Velvet ants (family Mutillidae) are not ants (family Formicidae); they're more closely related to wasps. Their common name comes from the velvety appearance created by the short, densely spaced hairs that cover the entire bodies of both the males and females. Males have wings and are good flyers, while the females lack wings. Female velvet ants are solitary and may be found crawling across the ground. They look like hairy ants; however, unlike our native ants, velvet ants have a functional stinger.
There are a number of species of velvet ants in the U.S. with most species living in the desert southwest. All species are brightly colored, presumably to advertise their stinging personality. The species most commonly encountered in Ohio is Dasymutilla occidentalis. Measuring around 3/4" in length, this is one of the largest velvet ants found in the world. Owing to their size, this velvet ant packs a stinging punch similar to that of a baldfaced hornet. In fact, their painful sting is responsible for their alternate common name of the "cow killer ant." However, it is speculated that this intimidating common name is less associated with the potential for these wasps to lay-low bovine, and more likely associated with the painful surprise when someone gets stung by one of these "ants". There are no records of these wasps ever killing cow.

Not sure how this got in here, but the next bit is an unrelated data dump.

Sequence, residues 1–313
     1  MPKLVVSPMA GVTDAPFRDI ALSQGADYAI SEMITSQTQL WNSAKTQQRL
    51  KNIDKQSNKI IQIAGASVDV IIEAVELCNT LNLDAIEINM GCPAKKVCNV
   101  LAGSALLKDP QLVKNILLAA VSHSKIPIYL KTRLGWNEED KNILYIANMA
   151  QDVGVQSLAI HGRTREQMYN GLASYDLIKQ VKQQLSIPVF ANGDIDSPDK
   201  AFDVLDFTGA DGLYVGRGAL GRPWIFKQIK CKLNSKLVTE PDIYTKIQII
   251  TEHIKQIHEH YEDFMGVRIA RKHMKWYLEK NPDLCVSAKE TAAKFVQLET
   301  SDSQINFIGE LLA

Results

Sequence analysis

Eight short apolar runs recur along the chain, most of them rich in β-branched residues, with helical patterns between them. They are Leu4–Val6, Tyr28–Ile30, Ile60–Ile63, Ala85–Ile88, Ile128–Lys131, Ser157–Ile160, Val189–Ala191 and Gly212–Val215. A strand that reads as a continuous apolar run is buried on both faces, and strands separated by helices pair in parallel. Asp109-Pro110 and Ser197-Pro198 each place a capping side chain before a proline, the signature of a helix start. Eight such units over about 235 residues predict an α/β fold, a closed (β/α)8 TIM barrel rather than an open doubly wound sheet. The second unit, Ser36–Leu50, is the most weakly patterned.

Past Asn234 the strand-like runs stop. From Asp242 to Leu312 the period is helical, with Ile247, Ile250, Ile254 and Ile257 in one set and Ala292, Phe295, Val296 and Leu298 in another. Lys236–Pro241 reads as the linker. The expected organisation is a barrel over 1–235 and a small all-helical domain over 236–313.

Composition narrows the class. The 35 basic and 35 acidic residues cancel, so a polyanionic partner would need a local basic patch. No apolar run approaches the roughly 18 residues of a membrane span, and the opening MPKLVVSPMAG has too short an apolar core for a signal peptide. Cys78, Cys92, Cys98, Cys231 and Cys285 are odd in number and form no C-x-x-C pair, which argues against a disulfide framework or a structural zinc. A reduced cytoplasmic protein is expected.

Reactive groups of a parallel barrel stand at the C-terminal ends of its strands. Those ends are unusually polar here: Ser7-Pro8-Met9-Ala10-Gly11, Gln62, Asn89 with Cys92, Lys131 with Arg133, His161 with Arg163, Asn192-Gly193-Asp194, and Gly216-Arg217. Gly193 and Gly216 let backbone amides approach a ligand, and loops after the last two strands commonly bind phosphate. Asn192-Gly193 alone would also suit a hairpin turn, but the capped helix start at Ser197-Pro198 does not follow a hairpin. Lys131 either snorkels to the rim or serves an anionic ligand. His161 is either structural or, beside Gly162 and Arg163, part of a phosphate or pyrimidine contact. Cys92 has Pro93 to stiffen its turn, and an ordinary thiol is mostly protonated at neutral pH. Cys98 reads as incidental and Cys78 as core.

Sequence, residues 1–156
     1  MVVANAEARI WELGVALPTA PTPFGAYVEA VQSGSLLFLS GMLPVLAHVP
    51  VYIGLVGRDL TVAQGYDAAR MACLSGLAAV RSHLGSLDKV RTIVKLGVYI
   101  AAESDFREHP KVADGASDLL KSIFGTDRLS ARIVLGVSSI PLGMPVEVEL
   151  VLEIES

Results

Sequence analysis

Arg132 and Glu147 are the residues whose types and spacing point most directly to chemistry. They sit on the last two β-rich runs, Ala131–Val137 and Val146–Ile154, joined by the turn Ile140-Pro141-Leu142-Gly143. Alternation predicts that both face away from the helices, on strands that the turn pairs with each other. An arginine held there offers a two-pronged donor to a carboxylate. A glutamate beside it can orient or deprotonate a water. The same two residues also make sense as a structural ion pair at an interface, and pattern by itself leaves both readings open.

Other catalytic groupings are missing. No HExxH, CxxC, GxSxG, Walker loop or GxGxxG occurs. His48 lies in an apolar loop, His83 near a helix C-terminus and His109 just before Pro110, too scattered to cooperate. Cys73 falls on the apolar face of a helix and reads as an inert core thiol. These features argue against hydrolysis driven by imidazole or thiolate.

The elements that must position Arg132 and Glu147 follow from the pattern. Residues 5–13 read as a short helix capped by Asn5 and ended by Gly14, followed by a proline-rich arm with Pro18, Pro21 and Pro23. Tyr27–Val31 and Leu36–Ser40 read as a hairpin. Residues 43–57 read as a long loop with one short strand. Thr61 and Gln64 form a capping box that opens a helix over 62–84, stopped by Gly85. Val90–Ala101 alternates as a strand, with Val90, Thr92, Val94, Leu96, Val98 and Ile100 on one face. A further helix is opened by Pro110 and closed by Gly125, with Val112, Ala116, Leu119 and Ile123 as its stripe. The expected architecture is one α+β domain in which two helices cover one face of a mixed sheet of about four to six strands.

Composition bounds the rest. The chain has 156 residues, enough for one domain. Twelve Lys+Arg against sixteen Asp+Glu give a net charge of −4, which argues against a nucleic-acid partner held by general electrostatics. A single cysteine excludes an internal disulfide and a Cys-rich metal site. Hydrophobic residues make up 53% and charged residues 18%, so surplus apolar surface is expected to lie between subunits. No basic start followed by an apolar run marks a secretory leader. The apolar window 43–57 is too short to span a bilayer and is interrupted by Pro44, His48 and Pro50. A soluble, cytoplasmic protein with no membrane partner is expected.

Cow killers range in color from deep red to orangish-red. Their legs are shiny black and they have a black transverse band across their abdomen that is connected by a thin longitudinal black band to a "black belt" at the constriction between their abdomen and thorax. Like all velvet ants, the cow killer lays its eggs on the larva of a ground nesting bee or wasp. Their favorite menu item is the larvae of the CICADA KILLER WASP (Sphecius speciosus). Once the cow killer female locates a cicada killer's burrow, she digs into the larval chambers and lays a single egg next to each wasp larva. Once the eggs hatch, the cow killer's larvae consume the cicada killer's larvae. Cicada killer populations were very high last season in Ohio, particularly in the southwest part of the state, as they are again this season (BYGLs 2012-18, 08/02/12; 2013-16, 07/18/13). Consequently, cow killer populations appear to be unusually high this season and they have an abundance of food for a new generation.